Measuring the concentration using both the UV and the RI detector, gives us the mass fraction and the molar mass of each component. There are multiple applications for this technique, such as glycosylated or pegylated proteins, or a polysaccharide functionalized with peptides or with nucleic acids. Even non-covalent complexes can be characterized, such as the amount of lipid associated with a membrane protein or, in our case protein-nucleic acid complexes.


How was this applied in your SEC-MALS case study?

The SEC-MALS and protein conjugate analysis approach has been applied to the complex of prototype foamy virus (PFV) integrase and viral DNA, which is called the intasome.

The extinction coefficient obtained for PFV integrase using UV and the RI simultaneously was almost half of what we would expect just based on the sequence, but measuring the molar mass both with the RI concentration and the UV concentration confirm that it is correct. Already, this is useful information about the complex that will help in determining the molar mass.

Moving on to the intasome, the light scattering, UV, and RI signals were used to calculate the molar mass and the mass fractions of each part at every point in the chromatogram.

This showed that the protein fraction is about 90%, meaning 90% of the mass is protein and about 10% is DNA. Based on this information, we got the dn/dc for the entire complex and the extinction coefficient for that entire complex. We used this concentration and this dn/dc to then calculate the molar mass. The total molar mass was 194 kilodaltons, so we know that the protein part is 174 kilodaltons, and the DNA part is about 20 kilodaltons. This is equivalent to a tetramer of the integrase and two DNA strands, which matches the crystal structure.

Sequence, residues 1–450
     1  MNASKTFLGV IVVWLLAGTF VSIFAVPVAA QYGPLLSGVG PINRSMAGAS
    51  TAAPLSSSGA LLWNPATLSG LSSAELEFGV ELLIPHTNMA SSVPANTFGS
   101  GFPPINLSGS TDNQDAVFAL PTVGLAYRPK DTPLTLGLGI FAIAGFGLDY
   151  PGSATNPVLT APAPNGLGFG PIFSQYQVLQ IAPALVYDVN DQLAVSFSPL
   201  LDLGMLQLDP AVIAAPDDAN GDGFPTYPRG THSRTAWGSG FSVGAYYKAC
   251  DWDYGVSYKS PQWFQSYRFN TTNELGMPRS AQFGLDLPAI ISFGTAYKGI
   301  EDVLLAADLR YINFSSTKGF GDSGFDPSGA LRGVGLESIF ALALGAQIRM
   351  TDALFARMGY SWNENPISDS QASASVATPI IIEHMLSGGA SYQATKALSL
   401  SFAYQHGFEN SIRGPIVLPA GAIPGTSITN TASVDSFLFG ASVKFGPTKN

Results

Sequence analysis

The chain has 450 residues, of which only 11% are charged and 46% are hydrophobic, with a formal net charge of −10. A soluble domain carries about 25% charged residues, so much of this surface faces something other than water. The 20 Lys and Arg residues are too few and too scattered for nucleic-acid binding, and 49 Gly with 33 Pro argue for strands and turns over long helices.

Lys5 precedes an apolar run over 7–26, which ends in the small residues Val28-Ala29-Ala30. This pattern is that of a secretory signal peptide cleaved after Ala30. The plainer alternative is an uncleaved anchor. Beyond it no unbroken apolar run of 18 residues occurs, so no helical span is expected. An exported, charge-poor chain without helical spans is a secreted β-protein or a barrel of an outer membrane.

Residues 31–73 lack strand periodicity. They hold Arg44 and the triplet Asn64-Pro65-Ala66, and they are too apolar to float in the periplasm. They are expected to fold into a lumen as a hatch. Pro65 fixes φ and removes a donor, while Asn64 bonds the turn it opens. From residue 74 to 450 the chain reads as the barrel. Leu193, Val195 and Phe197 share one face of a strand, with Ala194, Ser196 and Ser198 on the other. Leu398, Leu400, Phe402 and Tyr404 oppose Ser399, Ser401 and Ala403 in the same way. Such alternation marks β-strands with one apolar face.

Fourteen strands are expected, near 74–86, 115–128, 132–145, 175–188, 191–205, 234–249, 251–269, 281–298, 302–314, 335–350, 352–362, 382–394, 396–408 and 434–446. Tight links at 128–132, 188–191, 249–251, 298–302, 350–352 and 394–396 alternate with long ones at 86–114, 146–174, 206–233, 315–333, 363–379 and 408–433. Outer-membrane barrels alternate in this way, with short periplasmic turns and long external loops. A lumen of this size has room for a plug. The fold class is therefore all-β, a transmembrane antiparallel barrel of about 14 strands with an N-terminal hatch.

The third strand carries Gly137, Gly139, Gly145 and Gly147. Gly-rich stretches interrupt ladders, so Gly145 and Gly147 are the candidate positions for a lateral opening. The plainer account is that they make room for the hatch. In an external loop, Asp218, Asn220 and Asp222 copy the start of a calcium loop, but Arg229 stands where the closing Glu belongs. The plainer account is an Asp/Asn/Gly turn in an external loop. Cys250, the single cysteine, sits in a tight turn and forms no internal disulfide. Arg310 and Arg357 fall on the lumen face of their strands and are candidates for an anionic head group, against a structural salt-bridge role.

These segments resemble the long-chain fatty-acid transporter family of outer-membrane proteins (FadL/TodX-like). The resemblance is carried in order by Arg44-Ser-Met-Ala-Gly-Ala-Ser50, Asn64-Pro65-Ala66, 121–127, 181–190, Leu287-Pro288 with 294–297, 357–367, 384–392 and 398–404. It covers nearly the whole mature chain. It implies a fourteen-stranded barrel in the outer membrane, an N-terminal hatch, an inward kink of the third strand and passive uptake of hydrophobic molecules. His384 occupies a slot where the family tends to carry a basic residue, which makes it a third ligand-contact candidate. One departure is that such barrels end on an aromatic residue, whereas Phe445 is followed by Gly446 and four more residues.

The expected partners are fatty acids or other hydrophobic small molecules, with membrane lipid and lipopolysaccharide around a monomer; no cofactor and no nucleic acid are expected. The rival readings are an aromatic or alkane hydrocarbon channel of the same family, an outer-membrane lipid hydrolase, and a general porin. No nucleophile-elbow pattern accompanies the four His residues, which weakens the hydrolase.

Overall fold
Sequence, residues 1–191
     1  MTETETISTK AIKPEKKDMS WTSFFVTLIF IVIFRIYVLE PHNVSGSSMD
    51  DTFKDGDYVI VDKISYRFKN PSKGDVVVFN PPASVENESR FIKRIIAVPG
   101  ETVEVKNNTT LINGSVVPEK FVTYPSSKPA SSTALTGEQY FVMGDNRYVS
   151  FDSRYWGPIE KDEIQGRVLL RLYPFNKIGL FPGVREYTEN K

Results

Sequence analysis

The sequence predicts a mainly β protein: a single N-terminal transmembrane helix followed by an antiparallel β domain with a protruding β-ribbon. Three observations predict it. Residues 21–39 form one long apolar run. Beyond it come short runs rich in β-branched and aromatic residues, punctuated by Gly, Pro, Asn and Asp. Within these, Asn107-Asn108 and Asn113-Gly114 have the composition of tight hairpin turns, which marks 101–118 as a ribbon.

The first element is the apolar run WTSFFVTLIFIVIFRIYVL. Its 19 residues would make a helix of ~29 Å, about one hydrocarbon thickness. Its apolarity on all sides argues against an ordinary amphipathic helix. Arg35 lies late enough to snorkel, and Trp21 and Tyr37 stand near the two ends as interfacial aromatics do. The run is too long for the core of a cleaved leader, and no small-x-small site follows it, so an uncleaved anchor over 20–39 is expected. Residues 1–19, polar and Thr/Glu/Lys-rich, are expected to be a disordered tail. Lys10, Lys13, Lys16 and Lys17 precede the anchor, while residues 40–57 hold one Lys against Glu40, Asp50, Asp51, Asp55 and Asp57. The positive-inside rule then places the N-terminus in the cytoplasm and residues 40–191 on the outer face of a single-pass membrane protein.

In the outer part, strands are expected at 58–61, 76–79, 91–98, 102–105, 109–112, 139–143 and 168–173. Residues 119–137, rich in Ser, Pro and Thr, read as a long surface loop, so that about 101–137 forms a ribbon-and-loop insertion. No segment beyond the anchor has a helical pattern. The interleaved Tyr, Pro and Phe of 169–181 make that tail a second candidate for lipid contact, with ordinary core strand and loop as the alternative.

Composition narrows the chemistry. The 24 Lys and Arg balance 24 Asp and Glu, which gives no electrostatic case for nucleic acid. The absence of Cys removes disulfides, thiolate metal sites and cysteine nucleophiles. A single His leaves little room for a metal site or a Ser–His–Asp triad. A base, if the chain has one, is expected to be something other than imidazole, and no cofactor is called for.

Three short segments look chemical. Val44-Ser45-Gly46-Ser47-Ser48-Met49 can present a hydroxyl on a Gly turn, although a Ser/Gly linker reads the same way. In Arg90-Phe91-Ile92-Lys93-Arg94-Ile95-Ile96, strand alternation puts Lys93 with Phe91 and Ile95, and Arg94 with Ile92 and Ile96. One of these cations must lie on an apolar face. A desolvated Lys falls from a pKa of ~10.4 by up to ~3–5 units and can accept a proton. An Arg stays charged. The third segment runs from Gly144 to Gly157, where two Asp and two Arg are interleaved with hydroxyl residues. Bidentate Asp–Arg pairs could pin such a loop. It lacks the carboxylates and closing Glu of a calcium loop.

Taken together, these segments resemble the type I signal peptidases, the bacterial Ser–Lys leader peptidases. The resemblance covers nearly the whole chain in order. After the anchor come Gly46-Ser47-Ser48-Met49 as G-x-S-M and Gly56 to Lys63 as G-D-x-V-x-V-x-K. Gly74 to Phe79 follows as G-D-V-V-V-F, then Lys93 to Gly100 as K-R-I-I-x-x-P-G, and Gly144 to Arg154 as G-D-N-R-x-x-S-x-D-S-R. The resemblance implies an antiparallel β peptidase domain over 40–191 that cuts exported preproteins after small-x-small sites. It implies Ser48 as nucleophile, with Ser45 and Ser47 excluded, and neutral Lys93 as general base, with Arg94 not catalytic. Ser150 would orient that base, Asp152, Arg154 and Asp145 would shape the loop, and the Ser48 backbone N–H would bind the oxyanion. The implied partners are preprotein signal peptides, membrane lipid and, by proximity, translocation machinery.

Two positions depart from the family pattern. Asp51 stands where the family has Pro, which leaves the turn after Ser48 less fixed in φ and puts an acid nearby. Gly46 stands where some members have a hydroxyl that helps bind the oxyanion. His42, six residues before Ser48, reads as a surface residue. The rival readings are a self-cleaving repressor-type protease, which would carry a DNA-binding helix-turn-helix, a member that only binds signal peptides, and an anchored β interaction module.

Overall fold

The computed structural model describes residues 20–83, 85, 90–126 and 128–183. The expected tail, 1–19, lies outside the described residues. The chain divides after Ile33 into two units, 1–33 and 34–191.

It was observed that the molar mass was not constant across the peak, indicating that dissociation of the protein tetramer may have occurred during a separation or some species may not be saturated. The next case study shows how we can measure these kinds of affinities and stoichiometry in solution.

So how does CG-MALS differ from SEC-MALS?

CG-MALS is the technique that lets us measure the affinity and the stoichiometry of complexes forming in solution.

Unlike in the previous case study, MALS is applied to unfractionated samples. A series of samples of different compositions are injected into the light scattering and concentration detectors so we can use MALS to determine the molar mass at each composition. The change in the molar mass can then be related to the formation of complexes in solution.

In this way, we can assess self-association and the equilibrium between monomer and dimer and dimer and trimer. By measuring the molar mass as a function of concentration, we can determine the self-association affinity and the stoichiometry.